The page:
Whether your goal is alleviating boredom or becoming a more complete sexual being, there’s a sex toy out there somewhere with your name on it. There are several options to narrow the field (hey, this pandemic isn’t going to last forever, right?) for singletons, cohabitants and disconnected couples alike.
And if you’re taking your first baby steps into the buzzing, pulsing, shiny chrome and colored plastic world of assisted loving, here’s a piece of advice from the professionals: Check any self-judgment at the door.
“Be there to meet yourself where you’re at,” said Jill McDevitt, a San Diego-based sexual wellness coach who serves as the in-house sexologist for Ontario, Calif.-based adult-novelty company CalExotics. “If you have no sexual desire right now, don’t beat yourself up about that. If you want to have masturbation marathons because that’s a coping strategy for you, that’s OK. It’s really about giving yourself permission to do what you need to do right now to take care of yourself. Be kind to yourself.”
Psychologist Laurie Mintz echoes that sentiment. “There really are no rules except to do what feels good and don’t feel guilty about it — that’s a hard one for a lot of people,” said Mintz, a University of Florida professor and author of “Becoming Cliterate: Why Orgasm Equality Matters — And How To Get It.” “Take your time. Enjoy yourself. And if it doesn’t work, try something different.”
Party of one
If your home zone is as partner-free as it was before the great societal shutdown of 2020, you might think there’s nothing to be done besides chatting on apps like Tinder or Scruff to set up post-COVID-19 dates or hookups or taking advantage of the #playathome discounts that retailers are offering on intimate hardware.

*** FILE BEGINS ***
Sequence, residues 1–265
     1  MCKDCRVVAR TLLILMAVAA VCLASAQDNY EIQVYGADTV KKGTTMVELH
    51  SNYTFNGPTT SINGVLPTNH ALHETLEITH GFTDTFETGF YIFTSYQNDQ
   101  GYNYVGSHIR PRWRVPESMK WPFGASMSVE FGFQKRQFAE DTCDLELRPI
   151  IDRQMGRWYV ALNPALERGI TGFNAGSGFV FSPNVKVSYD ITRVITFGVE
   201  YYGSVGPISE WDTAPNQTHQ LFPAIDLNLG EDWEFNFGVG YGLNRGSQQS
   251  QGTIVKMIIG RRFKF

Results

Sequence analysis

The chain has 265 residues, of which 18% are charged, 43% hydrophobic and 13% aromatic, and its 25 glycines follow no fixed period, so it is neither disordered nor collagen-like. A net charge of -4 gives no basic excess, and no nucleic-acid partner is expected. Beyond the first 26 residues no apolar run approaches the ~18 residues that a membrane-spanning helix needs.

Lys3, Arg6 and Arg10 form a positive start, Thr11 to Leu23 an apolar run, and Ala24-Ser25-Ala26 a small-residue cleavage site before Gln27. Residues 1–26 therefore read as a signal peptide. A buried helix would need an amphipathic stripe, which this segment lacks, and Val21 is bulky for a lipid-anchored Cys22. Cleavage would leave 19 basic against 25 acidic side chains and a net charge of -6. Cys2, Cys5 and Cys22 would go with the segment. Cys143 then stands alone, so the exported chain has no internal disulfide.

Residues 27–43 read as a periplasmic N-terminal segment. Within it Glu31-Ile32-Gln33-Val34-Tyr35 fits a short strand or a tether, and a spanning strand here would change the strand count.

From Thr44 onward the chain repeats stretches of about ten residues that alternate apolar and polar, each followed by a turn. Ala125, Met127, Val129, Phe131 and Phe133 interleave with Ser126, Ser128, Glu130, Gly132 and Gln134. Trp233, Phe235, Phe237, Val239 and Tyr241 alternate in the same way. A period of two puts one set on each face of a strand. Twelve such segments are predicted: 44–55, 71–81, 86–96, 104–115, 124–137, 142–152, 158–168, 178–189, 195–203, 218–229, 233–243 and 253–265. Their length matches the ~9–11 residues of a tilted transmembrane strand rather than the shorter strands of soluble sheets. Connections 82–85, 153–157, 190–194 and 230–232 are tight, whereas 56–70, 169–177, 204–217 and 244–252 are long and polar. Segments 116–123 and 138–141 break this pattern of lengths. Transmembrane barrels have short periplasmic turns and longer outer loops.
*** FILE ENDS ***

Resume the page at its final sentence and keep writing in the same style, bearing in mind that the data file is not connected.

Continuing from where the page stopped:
If that’s your mind-set, you’d be missing a golden opportunity to better yourself.
For those flying solo, Mintz, whose specialty is working with women, recommends the website of masturbation guru Betty Dodson, author of the 1987 self-help book “Sex For One: The Joy of Self-Loving” as a starting point as well as OMGyes.com, a two-season collection of videos, infographics and touchable simulations (requires a one-time fee of $49 or $89) aimed at normalizing self-pleasure for women.
There’s also Mintz’s own book, “Becoming Cliterate,” which has a step-by-step chapter specifically on the topic of masturbation. And guys, if this bright pink book ends up in your house, there’s something in it for you too: the chapter “Cliteracy for Him,” which includes an anatomy lesson, myth-debunking and tips on sexual communication skills.
What’s the best pleasure-providing plaything for your house party of one? Only you’ll know. What we can tell you, though, is what some of the bestsellers are at the companies we surveyed.
At Stockholm-based luxury sex-toy maker Lelo, the most popular pieces of pulsing plastic are the Sona 2 Cruise ($139, a clitoral stimulator that varies intensity with applied pressure) for women; and the F1s sleeve ($189) for men with the remote-controlled prostate-massaging Hugo ($219) close behind.
At Doc Johnson, a North Hollywood company that’s been around since 1976, the current bestseller is actually an antibacterial toy cleaner (“Sales are way up on that,” said Chief Creative Officer Chad Braverman. “Maybe people are trying to double it as a hand sanitizer”), but toy-wise, it’s the Main Squeeze line of replica masturbators for men ($79.99, modeled after specific adult performers’ and social media stars’ actual body parts) that seem to be selling like hotcakes.
And at CalExotics, founder and Chief Executive Susan Colvin reports that the No. 1 women’s bestseller — for the last two decades — has been the Butterfly Kiss, a personal massager with butterfly-shaped wings ($16.99).
Home (not) alone
When the number of consenting adults in your safer-at-home circle reaches two or more (no judgments here), communication skills become more important. Is your sex drive stronger than that of your partner or partners? Do different things get each of you in the mood? Does the pandemic seem to be the perfect time to unleash the beast lurking in the bottom of your sock drawer? Are you — and we’re talking mostly to you hetero guys here — jealous of your wife’s handheld sidepiece? Mintz underscores that you needn’t be jealous.
“Regardless of the pandemic or not,” Mintz said, “the research is unequivocal that women who use vibrators have easier and more frequent orgasms. And women who have male partners who accept their vibrator use have higher sexual satisfaction. So, for those people, this is a great time to embrace the idea of a sex toy, experiment with it and debunk those myths for heterosexual couples that it’s going to replace men. All it does is provide good, intense stimulation. It doesn’t cuddle. It doesn’t laugh.”